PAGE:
A Friday Visit with Jim Korkis: Turkey Legs
By Dave Shute
By Jim Korkis
One of the iconic food treats at Walt Disney World is the infamous, enormous Turkey Legs that made their debut in Frontierland in the late 1980s.
Originally, they were sold at only one food cart location, but the demand grew so large that they expanded to other Disney parks including Disneyland.
Weighing roughly one and half pounds each, the legs have a taste that vaguely resembles ham thanks to being cured in a similar salt and sugar solution. The legs cost up to twelve dollars each.
Each leg is roughly 730 to 1,136 calories with a minimum of 36 to 54 grams of fat, according to the size of the leg. Orginally, Disney sold legs that were 22 ounces but today the “jumbo” leg is closer to 34 ounces.
The Turkey Legs are not unique to Disney and are sold at carnivals, state fairs and other amusement venues around the United States.
A persisent urban myth was that the legs were so huge that they couldn’t possibily be from an actual turkey and must be from another bird like an emu or an ostrich.
“People are accustomed to Thanksgiving turkeys, which are female birds, or hens which are traditionally much smaller; the males, called toms, are bigger — up to fity pounds apiece — and their legs are the ones that Disney serves,” said Keith M. Williams, a vice president at the National Turkey Federation, an industry trade group. Federal law prohibits the use of steroids to make turkeys and their legs meatier. However, farmers are raising larger turkeys because of demand and so the legs are larger as well.
Turkey legs are a favorite food of Andrew Zimmern, host of Travel Channel’s Bizarre Foods:
“With the turkey, I can walk, I can gnaw, I can pull pieces off, I can put it down. And I just love salty, smoky, meaty. … It’s an American classic. It’s Americana.
“I can put everyone’s mind at rest. It can’t be emu. I’ve eaten emu. It’s too big, And the meat would be a little more beefy. Emu has the consistency of turkey leg but the flavor of roasted veal. It’s got mild beefiness to it and a little more metallic.”
In general, an emu leg would be about eight times the size of a turkey leg.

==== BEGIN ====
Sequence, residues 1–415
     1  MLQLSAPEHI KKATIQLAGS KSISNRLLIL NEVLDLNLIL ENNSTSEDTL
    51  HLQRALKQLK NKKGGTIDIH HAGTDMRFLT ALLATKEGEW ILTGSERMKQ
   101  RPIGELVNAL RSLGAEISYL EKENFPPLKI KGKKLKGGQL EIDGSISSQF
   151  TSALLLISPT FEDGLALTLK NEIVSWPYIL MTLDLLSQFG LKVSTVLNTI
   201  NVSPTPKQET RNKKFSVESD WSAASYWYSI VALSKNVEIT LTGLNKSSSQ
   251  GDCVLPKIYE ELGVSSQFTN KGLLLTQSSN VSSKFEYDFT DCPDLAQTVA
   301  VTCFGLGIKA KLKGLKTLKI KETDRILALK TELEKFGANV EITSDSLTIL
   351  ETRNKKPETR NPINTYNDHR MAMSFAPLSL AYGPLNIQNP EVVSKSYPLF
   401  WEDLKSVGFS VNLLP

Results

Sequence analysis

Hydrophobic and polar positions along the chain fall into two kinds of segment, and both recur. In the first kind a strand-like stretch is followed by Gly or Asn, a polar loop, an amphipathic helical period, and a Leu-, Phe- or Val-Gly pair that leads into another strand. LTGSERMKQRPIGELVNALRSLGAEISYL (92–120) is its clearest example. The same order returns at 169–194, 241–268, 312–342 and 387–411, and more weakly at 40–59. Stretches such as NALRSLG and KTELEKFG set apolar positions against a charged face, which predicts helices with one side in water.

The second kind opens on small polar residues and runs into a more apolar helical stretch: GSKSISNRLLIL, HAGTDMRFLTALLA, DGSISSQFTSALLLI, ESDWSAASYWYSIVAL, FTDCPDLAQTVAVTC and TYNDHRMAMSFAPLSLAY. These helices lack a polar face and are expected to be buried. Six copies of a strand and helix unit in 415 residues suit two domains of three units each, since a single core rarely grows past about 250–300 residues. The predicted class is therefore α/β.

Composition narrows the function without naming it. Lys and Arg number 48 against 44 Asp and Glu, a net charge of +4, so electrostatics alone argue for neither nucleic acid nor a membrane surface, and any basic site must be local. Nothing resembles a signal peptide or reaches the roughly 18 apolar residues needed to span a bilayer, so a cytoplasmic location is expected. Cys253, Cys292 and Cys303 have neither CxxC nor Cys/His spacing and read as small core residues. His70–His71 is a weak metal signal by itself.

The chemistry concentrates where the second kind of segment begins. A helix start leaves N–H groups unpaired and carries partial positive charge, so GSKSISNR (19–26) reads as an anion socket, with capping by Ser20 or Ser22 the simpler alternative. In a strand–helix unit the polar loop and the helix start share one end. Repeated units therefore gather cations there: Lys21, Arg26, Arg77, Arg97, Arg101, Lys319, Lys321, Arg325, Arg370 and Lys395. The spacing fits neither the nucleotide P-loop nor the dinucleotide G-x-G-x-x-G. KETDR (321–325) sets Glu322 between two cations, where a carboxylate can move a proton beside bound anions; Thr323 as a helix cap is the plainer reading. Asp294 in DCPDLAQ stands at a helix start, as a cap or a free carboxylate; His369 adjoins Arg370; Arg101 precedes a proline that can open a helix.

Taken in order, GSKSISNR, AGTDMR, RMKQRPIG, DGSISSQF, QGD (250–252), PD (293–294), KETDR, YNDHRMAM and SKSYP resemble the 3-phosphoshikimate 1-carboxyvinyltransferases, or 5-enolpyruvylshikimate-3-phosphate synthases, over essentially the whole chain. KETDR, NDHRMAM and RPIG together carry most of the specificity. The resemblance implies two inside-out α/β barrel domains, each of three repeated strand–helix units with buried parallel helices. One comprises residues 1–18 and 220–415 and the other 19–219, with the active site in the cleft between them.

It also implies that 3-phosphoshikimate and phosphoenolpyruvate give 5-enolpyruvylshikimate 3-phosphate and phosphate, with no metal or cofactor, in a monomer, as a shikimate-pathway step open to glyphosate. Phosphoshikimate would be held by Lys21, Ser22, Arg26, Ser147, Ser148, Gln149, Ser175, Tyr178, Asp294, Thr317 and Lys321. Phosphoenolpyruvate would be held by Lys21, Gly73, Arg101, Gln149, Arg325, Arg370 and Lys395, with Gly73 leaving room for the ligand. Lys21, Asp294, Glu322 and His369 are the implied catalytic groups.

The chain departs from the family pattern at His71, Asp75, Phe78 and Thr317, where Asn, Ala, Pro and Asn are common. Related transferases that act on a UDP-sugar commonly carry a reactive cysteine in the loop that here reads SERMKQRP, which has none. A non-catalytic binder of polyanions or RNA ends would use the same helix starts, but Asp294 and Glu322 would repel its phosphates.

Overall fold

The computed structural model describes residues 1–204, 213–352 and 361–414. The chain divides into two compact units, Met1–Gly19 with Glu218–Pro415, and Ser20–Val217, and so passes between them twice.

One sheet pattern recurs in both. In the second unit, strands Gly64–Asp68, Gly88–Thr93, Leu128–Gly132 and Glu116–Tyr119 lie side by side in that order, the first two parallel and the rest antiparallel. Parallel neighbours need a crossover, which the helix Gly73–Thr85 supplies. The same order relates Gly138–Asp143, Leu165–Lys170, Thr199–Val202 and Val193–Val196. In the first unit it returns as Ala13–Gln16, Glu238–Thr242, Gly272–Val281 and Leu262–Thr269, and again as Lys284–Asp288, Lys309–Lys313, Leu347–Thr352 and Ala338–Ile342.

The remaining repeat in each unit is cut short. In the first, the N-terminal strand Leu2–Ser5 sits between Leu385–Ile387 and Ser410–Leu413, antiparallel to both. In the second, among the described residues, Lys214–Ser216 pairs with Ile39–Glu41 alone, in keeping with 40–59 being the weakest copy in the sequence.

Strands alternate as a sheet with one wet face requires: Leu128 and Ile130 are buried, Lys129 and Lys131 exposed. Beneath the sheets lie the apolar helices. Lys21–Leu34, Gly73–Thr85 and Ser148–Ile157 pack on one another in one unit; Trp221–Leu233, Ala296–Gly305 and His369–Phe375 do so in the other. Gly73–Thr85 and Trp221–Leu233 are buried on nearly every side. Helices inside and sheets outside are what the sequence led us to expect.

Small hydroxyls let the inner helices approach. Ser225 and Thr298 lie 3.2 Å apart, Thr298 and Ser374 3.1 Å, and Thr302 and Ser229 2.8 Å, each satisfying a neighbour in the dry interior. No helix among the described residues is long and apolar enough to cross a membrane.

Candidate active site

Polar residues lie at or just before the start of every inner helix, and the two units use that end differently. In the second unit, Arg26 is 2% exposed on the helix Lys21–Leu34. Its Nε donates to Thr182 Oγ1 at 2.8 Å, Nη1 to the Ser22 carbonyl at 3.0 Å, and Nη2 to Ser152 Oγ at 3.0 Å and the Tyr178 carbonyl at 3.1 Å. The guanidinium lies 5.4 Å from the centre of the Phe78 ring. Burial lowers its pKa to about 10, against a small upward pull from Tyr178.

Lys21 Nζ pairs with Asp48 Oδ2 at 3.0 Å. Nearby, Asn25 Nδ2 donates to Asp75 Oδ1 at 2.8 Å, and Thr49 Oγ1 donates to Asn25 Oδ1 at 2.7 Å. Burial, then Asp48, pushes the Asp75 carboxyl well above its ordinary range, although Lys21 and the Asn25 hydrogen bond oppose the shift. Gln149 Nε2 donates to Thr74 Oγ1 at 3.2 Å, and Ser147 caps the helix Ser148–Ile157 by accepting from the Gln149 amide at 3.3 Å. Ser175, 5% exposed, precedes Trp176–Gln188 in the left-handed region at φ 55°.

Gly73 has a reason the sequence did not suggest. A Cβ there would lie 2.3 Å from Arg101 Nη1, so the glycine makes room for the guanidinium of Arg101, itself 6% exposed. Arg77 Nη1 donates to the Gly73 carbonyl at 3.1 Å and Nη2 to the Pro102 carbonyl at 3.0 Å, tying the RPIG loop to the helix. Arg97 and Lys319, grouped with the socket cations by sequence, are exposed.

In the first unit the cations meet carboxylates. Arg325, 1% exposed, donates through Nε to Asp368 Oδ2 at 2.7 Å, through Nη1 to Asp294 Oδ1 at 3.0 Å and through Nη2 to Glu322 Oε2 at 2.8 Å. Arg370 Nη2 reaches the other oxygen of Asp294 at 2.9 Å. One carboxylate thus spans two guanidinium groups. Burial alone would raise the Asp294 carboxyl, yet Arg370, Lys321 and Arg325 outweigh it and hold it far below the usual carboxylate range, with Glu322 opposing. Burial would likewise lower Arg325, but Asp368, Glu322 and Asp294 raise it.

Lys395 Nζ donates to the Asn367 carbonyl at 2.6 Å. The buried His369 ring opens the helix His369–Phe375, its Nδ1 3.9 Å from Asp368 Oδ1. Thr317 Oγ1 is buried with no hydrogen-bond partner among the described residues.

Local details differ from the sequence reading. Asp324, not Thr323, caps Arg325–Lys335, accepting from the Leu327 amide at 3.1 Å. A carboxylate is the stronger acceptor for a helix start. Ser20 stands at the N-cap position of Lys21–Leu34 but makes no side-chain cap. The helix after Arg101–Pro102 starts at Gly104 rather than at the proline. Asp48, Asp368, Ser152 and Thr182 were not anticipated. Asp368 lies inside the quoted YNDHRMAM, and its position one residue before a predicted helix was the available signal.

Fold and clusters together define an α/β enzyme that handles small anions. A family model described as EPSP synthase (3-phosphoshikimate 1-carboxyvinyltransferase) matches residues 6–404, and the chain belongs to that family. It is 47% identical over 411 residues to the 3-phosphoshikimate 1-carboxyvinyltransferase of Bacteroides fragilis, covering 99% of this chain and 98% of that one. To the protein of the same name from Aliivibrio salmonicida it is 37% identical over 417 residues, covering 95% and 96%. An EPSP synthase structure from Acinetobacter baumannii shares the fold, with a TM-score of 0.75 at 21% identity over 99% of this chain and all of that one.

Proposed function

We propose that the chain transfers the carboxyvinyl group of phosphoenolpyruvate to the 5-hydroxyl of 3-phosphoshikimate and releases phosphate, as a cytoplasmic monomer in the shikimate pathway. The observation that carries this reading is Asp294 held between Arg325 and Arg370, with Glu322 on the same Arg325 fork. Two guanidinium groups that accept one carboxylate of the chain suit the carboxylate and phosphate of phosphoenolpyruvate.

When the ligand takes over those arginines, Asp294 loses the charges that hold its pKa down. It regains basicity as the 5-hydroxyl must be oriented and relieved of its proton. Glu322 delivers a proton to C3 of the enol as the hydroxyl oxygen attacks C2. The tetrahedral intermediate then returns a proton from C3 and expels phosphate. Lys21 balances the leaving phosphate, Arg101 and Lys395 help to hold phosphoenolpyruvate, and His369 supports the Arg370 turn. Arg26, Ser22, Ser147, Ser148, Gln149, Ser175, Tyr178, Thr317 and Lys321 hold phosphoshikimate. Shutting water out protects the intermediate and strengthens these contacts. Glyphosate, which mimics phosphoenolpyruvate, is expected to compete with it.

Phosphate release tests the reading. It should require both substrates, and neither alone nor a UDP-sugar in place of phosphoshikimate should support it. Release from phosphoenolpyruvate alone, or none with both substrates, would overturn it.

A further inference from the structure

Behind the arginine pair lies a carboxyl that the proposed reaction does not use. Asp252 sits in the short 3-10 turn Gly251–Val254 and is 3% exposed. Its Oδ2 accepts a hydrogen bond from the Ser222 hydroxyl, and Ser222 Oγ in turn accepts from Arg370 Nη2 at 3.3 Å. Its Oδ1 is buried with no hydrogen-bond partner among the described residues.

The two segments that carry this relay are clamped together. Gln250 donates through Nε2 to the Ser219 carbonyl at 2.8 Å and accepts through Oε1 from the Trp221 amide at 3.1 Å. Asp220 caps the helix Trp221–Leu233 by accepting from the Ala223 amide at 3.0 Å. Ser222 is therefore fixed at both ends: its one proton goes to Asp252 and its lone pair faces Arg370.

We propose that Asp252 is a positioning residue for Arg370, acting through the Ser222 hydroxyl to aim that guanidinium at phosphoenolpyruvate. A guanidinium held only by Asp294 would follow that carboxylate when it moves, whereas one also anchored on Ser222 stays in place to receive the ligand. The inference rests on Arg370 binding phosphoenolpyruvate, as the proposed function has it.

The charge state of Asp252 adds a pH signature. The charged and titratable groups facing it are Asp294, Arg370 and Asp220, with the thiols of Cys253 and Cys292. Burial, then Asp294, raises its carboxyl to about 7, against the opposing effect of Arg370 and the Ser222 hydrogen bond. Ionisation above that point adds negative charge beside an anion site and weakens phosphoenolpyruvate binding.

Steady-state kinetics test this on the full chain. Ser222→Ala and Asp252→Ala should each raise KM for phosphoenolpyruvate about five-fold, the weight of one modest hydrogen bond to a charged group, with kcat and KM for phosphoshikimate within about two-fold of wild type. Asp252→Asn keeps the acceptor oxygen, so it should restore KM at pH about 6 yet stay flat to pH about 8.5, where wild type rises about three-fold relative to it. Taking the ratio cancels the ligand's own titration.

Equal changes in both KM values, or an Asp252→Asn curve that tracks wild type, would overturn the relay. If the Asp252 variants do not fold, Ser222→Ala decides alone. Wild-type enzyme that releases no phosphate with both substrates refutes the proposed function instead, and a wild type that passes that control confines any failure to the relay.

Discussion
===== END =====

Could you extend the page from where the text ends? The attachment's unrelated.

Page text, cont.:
Marc Summers of Food Network’s Unwrapped: Walt Disney World stated,
“Many guests aren’t familiar with smoked poultry, so they pick up on the salty flavor. Disney injects their legs with a salt water cure for moisture, then smoke them. Turkey legs have pink meat because of the six-hour smoking process. It flavors the legs and keeps the inside meat pink and moist.”
The food treat became so popular that in 2010, Disney created a line of merchandise souvenirs including hats, pins, magnets, t-shirts and even air fresheners featuring an image of the item and the slogan “Nice & Juicy!” Disney bakeries even produce Rice Krispie Treat versions with chocolate icing as the skin.
By 2013, it was estimated that in Disney’s North American theme parks over two million of the jumbo turkey legs were sold and consumed each year. Turkey legs are no longer available at Disney’s Animal Kingdom since March 1, 2016.
Disney has stated that the legs are meant to be shared and that the average park visitor walks about seven miles during a visit or enough to burn most of the calories from eating the leg. They state that the popularity of the food item is due to its novelty and its “comfort food” factor.
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Thanks, Jim! And come back next Friday for more from Jim Korkis!
In the meantime, check out his books, including Secret Stories of Walt Disney World: Things You Never You Never Knew, which reprints much material first written for this site, and The Vault of Walt: Volume 4, and his contributions to The easy Guide to Your Walt Disney World Visit, all published by Theme Park Press.